If you feel like you’ve watched nearly everything on Netflix, Amazon Prime and Hulu by now, don’t worry – you’re not alone. Netflix’s viewership was already on the rise prior to COVID-19-related shutdowns, and by March, streaming was up by nearly 12{143106009d8b87d45252e1fd973f0c0835ad3aabba3679e828c3cd83539ae06c} across major platforms like Disney+ and Amazon Prime.

That means a considerable amount of people are probably broadening the scope of what kind of television they watch; no longer are 22-minute sitcoms and high-budget action shows all anyone is streaming. And – perhaps in line with the summer’s trend towards local and outdoor travel – – more and more people are starting to watch adventure and survival shows once considered obscure. That includes The History Channel’s “Alone” (streaming on Netflix,) Amazon Prime’s “World’s Toughest Race: Eco-Challenge Fiji,” and The Discovery Channels’ infamous “Naked and Afraid” (streaming on Hulu.) Many of these shows have developed a devoted fan base, spawning dozens of message boards and articles related to the show’s destinations, challenges and supposed authenticity.

But for many viewers, the destinations in these shows are the real highlights. Whether it’s the unforgiving and undeveloped terrain of Vancouver Island or stunning tropical landscapes across Fiji, these shows provide a chance to see a side of the world the average viewer may have never seen before. And since most people are likely not traveling in 2020, now’s a great time to save some extra cash and plan a bucket list trip for 2021 (or beyond.)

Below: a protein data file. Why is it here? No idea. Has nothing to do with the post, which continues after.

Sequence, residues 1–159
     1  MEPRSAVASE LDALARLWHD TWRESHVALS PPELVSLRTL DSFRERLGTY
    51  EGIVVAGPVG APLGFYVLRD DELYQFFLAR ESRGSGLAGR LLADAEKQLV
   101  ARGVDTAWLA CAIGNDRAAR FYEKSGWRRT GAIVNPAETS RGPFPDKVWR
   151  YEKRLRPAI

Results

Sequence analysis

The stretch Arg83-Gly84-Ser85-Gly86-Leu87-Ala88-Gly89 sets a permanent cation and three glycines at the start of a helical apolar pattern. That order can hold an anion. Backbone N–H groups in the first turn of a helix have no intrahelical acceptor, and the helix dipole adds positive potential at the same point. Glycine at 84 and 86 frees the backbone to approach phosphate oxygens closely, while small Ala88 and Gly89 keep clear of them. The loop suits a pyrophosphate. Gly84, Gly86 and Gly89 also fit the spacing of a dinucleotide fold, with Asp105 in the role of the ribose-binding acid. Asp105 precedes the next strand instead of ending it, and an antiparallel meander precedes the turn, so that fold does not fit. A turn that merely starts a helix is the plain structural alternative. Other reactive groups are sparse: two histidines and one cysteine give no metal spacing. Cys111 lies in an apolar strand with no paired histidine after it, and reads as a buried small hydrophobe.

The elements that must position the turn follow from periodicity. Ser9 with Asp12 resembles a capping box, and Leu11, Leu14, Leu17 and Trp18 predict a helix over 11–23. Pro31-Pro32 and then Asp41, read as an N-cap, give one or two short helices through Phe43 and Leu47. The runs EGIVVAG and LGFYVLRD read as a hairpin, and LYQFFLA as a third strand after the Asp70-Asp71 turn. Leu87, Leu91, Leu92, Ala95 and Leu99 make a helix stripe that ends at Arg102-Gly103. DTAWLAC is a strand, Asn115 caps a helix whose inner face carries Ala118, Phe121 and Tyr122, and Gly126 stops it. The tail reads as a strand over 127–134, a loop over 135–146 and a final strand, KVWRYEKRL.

If you’re hooked on one of the many outdoor survival shows available to stream, read on for suggestions on the best trips to take inspired by your favorite adventure reality show.

Love “World’s Toughest Race: Eco-Challenge Fiji?” Set sail on a drua in 2021

If you’ve been lured into “World’s Toughest Race: Eco-Challenge Fiji” by the promise of relentless challenges and extreme mental, physical, and emotional turmoil as competitors cross 671 kilometers of Fiji’s terrain, you’re not alone – it’s been one of Amazon’s most talked-about shows since it’s premiere on Aug. 14. On the show, 66 teams, armed with maps and supplies, attempt to finish the race across the island. There are no breaks in the race; competitors will fall behind if they choose to oversleep or pause the journey for a day.

Even non-extreme adventure racers will realize something in the first minute of watching the show: Fiji is gorgeous. And in episode one, viewers are treated to views of jungle landscapes, small villages, and stunning shots of racers paddling traditional wooden vessels across wide and winding rivers.